How to Vote in Michigan for the 2020 Presidential Election

September 17, 2020

The countdown to the 2020 election is on. Whether you plan to vote by mail, in person or still need to register, check out SEEN’s guide to casting your ballot in Michigan

By Nicole Glynn

For Americans everywhere, Tuesday, November 3 is a pivotal day. (For those of you who don’t know — perhaps you’ve been living under a rock? — that’s the date of the general election.) While this year’s election will look a little different than in years past, there are no excuses not to vote, pandemic included. Michigan voters have multiple ways to cast their ballots. Here’s the lowdown on each.

1. Register

You can register to vote online or via mail by October 9th. If you prefer to register in person, you can do so at your county, city or township clerk’s office through Election Day on November 3rd.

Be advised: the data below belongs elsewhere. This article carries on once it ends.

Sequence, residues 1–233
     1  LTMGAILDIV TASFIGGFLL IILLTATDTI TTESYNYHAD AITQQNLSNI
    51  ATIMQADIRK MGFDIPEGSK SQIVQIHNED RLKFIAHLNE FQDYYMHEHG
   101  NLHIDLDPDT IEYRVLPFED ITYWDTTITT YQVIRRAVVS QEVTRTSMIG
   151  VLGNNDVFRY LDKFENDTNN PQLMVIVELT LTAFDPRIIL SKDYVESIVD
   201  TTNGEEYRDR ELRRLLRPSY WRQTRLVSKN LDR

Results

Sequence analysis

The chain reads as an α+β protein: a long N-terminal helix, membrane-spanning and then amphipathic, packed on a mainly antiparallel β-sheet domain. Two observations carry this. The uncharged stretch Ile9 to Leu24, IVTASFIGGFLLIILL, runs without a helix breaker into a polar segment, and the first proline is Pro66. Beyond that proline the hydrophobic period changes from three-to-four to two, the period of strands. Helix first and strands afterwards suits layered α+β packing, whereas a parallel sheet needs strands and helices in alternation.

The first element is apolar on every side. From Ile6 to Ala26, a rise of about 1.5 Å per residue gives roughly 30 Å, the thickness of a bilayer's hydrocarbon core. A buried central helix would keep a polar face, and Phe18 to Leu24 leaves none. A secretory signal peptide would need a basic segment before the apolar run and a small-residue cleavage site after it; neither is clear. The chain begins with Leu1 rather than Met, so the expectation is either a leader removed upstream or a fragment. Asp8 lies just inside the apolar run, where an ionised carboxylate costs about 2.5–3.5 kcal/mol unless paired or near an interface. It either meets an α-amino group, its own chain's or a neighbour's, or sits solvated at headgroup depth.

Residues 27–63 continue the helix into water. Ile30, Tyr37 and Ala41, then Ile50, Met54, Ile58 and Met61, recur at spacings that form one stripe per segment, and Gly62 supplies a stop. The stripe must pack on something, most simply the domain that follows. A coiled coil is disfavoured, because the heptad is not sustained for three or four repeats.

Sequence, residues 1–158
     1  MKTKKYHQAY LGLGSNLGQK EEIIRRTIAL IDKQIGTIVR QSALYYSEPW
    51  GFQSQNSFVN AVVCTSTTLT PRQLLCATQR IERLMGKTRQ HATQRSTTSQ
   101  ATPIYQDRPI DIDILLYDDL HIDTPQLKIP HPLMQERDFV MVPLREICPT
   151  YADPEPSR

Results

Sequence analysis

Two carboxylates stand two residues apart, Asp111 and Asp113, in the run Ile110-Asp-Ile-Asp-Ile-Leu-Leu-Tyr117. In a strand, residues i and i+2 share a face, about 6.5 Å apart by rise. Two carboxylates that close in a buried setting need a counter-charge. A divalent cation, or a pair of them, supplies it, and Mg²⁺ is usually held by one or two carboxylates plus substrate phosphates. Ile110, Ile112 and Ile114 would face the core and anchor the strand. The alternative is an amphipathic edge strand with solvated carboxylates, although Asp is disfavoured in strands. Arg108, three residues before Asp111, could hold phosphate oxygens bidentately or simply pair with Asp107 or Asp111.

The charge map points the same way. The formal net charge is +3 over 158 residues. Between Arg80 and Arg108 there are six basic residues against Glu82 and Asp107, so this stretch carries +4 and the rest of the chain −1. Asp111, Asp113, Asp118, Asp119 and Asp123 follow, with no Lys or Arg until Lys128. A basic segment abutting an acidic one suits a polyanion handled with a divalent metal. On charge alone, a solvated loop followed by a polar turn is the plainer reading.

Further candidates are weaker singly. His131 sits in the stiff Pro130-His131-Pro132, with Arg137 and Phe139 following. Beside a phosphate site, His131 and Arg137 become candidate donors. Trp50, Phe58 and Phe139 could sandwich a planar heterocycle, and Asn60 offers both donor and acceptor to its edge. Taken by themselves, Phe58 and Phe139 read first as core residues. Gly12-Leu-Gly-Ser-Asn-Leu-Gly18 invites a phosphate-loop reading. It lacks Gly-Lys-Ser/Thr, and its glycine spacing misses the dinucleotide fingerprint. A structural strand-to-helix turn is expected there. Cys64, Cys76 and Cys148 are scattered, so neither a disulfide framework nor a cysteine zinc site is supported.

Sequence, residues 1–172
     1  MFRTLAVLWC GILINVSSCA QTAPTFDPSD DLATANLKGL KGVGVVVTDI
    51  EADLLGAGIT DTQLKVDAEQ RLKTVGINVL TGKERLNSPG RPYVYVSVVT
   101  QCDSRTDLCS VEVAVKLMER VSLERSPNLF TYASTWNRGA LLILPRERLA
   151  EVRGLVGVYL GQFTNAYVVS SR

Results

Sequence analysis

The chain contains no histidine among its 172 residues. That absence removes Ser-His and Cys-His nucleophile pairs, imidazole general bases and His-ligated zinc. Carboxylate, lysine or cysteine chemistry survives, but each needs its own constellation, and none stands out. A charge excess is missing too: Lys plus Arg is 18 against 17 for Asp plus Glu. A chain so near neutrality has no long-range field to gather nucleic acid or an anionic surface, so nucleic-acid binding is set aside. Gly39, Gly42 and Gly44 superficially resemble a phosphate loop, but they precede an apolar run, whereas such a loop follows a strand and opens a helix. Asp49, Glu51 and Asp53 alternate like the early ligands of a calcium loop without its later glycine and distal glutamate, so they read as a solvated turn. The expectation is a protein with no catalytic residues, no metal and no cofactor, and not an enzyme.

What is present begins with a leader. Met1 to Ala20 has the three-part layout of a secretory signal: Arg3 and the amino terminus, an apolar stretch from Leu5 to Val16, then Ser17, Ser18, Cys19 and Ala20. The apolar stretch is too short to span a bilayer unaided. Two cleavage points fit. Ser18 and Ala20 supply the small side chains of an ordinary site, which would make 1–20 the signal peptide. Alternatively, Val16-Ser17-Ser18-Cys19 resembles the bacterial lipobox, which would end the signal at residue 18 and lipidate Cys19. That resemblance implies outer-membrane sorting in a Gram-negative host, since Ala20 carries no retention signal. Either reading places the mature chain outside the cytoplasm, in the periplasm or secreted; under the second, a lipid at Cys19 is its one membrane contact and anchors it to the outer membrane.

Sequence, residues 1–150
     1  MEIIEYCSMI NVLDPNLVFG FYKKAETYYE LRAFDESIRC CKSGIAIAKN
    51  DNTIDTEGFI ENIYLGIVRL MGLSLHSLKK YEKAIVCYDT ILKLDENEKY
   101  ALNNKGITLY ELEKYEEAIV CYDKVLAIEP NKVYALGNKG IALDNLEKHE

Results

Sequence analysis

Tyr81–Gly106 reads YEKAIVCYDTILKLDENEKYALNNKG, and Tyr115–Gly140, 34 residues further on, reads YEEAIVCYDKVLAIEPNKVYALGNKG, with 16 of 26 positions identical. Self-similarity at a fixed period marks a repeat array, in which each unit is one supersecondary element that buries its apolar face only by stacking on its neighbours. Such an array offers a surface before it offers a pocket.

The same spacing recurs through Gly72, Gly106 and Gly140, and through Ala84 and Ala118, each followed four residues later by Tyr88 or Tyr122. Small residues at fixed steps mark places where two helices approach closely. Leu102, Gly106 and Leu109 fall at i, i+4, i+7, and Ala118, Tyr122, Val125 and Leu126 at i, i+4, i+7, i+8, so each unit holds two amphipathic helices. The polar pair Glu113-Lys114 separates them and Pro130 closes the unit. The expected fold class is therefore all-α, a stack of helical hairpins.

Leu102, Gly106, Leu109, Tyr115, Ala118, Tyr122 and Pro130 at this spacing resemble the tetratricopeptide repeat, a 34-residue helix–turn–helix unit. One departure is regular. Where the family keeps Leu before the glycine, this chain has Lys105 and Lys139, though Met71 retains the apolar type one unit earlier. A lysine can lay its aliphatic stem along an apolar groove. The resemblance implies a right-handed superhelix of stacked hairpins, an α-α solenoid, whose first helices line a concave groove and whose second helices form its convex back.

2. Get an absentee ballot

Thanks to a 2018 state constitutional amendment, Michigan is a “no-reason” absentee voting state — that means any voter can request an absentee ballot.

Absentee-ballot applications have already been mailed through USPS to all registered Michigan voters, but if you did not receive one for any reason, you can still apply for an absentee ballot online here. The deadline to apply for a ballot to be sent to you via mail is October 30th. Alternatively, the deadline to apply for one in person at your local clerk’s office is one day before the election on November 2nd.

3. Submit your absentee ballot

Absentee ballots must be received by November 3rd. Whether you’re voting online, in-person or via mail, ballots must be received by this date. If you’re mailing in your ballot, it is recommended that you mail it out 4-7 days prior to ensure that it gets delivered on time.

4. Vote in-person

Currently, physical polling locations will still be open for voting throughout Michigan. Make sure to keep an eye out for last minute closures that might occur.

If voting in-person on November 3rd you must bring an acceptable photo ID. And don’t forget your mask!

Visit the Michigan SOS website for more resources on how to vote. 

Sources: FiveThirtyEight and Vote.org

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